The Corner

Science & Tech

Hybrid Sheep-Human Embryos Show Need for Biotech Regulation

The world’s first clone of an adult animal, Dolly at the Roslin Institute in Edinburgh, Scotland January 4, 2002. (Jeff J Mitchell/Reuters)

Biotech is rocketing forward into areas that impact life at the most fundamental and basic levels.

CRISPR permits any cell or life form to be genetically altered, opening the door to the intelligent (or stupid) redesign of the human species, the ending of terrible diseases, or the unleashing by terrorists of an altered viral pandemic.

Scientists have created synthetic life not based in evolution or Creation.

Human cloning is being done. A recent monkey success reveals the potential of the birth of the first cloned baby.

And now, scientists have created a embryo that is 0.01 percent human. From the National Geographic story:

Building on a controversial breakthrough made in 2017, scientists announced on Saturday that they have created the second successful human-animal hybrids: sheep embryos that are are 0.01-percent human by cell count.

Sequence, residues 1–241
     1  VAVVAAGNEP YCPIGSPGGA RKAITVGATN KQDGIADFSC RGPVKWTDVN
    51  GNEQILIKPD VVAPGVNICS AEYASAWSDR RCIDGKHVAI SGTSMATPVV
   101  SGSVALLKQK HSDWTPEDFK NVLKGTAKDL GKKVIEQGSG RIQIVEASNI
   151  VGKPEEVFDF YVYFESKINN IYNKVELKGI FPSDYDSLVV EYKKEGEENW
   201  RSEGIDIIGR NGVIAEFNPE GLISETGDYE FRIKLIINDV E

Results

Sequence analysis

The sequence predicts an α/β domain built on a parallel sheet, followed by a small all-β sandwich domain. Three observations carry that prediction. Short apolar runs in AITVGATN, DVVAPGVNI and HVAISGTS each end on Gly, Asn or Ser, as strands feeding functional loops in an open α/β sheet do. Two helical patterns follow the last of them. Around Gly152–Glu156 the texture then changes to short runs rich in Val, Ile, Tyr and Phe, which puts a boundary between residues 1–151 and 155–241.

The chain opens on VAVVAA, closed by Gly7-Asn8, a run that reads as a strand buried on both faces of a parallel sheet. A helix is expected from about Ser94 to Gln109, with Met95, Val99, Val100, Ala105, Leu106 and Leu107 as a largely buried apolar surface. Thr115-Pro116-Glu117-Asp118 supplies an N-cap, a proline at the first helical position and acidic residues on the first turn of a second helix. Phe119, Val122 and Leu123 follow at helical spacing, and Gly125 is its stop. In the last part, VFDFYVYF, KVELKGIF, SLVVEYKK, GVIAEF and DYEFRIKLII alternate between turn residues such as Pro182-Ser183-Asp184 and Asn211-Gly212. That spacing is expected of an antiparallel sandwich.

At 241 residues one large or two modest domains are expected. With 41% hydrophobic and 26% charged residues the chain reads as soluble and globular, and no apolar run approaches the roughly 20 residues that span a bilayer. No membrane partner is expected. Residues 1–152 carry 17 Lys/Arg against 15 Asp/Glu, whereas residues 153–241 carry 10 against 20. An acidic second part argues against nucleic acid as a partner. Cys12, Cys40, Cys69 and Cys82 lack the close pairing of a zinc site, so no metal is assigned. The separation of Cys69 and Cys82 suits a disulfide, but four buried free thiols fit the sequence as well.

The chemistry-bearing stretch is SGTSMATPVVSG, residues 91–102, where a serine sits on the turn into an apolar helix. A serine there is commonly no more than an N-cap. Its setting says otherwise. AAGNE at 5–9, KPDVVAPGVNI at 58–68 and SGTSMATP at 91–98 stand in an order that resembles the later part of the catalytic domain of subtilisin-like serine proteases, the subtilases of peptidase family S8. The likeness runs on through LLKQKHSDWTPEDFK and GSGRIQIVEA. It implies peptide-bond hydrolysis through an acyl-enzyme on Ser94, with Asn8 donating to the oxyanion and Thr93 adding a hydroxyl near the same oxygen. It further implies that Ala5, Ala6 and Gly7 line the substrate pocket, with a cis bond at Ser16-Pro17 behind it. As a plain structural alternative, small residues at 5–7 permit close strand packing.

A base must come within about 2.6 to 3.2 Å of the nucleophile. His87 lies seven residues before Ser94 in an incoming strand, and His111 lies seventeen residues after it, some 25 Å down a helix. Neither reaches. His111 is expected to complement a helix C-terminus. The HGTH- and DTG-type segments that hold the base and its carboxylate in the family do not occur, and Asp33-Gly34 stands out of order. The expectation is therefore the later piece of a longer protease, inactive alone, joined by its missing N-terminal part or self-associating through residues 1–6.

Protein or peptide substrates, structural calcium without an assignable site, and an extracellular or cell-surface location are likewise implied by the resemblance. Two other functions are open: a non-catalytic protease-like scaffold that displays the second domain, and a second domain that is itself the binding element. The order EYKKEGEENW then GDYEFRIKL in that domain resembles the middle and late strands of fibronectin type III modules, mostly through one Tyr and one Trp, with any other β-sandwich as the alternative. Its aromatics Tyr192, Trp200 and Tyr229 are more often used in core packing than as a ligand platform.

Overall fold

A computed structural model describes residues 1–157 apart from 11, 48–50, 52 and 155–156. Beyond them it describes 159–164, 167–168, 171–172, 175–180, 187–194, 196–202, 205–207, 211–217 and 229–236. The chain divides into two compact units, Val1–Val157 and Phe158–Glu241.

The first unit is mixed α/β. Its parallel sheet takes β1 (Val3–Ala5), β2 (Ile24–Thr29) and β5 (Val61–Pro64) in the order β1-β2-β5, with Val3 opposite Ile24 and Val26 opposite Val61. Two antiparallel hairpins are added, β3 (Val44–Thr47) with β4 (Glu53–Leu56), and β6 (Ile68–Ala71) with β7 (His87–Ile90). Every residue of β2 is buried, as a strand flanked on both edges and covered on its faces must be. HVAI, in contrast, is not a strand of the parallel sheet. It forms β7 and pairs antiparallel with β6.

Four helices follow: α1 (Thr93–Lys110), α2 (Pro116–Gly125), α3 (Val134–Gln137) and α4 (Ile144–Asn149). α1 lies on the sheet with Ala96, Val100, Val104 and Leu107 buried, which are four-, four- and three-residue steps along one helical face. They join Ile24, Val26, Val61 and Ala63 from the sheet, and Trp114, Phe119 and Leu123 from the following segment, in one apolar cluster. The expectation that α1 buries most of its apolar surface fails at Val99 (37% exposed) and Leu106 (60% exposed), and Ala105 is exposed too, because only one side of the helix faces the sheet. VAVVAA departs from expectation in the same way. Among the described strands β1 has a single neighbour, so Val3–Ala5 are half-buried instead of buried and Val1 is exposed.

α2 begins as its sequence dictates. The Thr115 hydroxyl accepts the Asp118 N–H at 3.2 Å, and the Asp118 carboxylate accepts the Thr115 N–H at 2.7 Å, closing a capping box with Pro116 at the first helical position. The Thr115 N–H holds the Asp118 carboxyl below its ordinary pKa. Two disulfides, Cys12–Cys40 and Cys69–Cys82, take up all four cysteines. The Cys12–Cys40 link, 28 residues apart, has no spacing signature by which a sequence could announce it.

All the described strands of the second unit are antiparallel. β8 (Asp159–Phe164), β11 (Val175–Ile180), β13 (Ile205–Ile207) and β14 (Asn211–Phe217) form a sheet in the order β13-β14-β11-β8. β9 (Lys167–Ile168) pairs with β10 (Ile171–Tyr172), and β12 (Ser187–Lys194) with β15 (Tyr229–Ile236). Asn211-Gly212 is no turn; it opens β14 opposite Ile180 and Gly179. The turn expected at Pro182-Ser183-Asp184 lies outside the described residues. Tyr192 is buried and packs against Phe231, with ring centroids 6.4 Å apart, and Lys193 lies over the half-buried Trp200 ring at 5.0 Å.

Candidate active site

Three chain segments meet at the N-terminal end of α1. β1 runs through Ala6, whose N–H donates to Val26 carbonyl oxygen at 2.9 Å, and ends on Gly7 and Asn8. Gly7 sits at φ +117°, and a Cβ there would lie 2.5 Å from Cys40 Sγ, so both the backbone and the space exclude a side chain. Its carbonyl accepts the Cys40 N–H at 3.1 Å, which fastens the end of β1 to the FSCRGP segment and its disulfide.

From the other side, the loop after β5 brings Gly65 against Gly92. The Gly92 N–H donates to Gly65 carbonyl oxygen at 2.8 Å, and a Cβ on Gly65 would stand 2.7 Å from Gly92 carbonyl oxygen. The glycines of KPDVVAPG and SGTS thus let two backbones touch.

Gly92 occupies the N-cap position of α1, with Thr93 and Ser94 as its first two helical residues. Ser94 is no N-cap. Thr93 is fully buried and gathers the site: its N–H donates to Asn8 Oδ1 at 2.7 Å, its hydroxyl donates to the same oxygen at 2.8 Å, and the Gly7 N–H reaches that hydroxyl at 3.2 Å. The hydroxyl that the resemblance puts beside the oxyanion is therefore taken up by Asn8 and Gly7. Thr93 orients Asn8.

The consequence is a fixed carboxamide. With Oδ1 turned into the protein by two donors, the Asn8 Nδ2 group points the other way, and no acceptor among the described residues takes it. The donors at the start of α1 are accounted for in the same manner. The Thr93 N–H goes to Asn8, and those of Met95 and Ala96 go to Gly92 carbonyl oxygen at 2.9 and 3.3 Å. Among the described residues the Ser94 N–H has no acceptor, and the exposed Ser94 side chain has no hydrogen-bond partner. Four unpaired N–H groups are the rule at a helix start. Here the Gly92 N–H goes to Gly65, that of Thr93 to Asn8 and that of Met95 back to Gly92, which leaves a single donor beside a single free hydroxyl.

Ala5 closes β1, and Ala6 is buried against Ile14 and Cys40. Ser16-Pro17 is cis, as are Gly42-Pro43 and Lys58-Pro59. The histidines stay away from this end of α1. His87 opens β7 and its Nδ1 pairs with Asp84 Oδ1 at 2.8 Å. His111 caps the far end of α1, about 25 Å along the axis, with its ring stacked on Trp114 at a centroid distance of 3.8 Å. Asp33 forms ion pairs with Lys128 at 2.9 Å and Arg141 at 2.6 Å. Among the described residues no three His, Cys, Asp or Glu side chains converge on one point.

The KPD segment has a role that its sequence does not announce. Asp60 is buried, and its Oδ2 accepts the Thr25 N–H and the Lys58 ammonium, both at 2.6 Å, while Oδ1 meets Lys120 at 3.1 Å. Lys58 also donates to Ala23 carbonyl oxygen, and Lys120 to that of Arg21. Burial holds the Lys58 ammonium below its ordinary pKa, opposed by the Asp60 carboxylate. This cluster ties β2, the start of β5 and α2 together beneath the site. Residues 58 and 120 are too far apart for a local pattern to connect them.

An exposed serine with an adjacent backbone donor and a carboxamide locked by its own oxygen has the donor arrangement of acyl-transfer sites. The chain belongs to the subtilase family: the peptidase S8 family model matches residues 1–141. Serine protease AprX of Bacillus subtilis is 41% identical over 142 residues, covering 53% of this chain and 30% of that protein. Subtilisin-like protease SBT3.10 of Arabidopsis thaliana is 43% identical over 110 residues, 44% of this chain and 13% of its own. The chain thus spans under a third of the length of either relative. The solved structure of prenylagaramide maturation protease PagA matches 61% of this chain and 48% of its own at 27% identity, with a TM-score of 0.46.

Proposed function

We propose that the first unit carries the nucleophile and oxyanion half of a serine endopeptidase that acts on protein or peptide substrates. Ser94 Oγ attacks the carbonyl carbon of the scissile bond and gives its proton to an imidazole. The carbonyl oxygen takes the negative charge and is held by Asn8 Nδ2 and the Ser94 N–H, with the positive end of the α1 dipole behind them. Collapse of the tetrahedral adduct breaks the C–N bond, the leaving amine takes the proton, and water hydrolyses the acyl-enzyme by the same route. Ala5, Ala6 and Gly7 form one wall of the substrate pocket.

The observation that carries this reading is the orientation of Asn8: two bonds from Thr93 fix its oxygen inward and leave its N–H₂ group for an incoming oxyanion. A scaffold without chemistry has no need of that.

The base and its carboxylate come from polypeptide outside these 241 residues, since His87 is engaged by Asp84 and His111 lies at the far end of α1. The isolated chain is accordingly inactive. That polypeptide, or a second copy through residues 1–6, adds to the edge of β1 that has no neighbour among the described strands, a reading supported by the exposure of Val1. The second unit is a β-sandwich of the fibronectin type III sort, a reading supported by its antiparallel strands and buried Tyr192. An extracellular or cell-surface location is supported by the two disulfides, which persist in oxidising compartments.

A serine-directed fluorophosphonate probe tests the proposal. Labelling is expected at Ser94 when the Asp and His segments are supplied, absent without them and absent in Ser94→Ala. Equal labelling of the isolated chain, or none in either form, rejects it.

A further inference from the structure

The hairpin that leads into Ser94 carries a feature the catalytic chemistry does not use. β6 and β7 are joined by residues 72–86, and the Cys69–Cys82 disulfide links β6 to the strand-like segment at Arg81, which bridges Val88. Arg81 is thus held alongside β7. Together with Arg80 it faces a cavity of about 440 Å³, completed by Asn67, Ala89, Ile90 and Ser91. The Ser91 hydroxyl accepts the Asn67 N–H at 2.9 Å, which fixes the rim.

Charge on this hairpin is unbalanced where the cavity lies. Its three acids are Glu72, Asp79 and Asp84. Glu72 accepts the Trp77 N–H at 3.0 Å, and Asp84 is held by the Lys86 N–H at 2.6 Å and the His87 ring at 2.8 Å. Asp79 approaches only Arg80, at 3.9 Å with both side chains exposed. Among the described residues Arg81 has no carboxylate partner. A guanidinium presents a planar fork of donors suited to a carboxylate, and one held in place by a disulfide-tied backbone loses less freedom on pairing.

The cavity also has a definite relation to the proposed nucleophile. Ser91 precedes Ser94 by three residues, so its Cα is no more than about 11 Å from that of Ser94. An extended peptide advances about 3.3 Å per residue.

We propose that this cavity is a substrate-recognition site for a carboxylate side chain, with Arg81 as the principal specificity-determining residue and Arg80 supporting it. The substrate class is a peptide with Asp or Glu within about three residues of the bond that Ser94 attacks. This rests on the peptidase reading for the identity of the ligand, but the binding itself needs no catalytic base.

The embryos, which were not allowed to develop past 28 days of age, move researchers a small step closer to perhaps growing human organs for medical transplant.

That would be terrific. Of course, animal-rights activists will howl at using animals as sources of human organs, but then, that is because they are essentially anti-human.

But there is a very real concern here that scientists could manufacture an animal that has a partial human nature, say the capacity for rationality. That would be an ethical nightmare on several fronts.

The point I keep trying to make isn’t that we should shut down all of this research, but that we need to have an intense discussion about how to best ensure it doesn’t wander into unethical fields.

Hell, we need to decide what would be unethical.

But Trump doesn’t even Tweet on the issue, and beyond some voluntary guidelines and public funding restrictions, there is little to prevent a real life Dr. Moreau from holding forth — particularly in China.

We really do need to have an intense democratic discussion about biotechnology, AI, and other such fast-advancing research. Time is growing short.

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